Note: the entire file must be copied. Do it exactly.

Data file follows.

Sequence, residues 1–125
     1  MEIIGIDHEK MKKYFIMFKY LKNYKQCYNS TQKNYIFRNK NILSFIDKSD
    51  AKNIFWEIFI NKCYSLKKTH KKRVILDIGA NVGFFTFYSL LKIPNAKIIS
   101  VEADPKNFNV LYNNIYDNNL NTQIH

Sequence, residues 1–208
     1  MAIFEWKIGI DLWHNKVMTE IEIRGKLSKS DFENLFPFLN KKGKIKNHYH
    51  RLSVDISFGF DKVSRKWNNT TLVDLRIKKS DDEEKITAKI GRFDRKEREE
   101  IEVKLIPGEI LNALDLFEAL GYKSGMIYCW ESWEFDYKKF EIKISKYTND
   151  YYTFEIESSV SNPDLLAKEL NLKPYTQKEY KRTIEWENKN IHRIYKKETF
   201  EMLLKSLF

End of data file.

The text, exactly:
Sequence, residues 1–125
     1  MEIIGIDHEK MKKYFIMFKY LKNYKQCYNS TQKNYIFRNK NILSFIDKSD
    51  AKNIFWEIFI NKCYSLKKTH KKRVILDIGA NVGFFTFYSL LKIPNAKIIS
   101  VEADPKNFNV LYNNIYDNNL NTQIH

Sequence, residues 1–208
     1  MAIFEWKIGI DLWHNKVMTE IEIRGKLSKS DFENLFPFLN KKGKIKNHYH
    51  RLSVDISFGF DKVSRKWNNT TLVDLRIKKS DDEEKITAKI GRFDRKEREE
   101  IEVKLIPGEI LNALDLFEAL GYKSGMIYCW ESWEFDYKKF EIKISKYTND
   151  YYTFEIESSV SNPDLLAKEL NLKPYTQKEY KRTIEWENKN IHRIYKKETF
   201  EMLLKSLF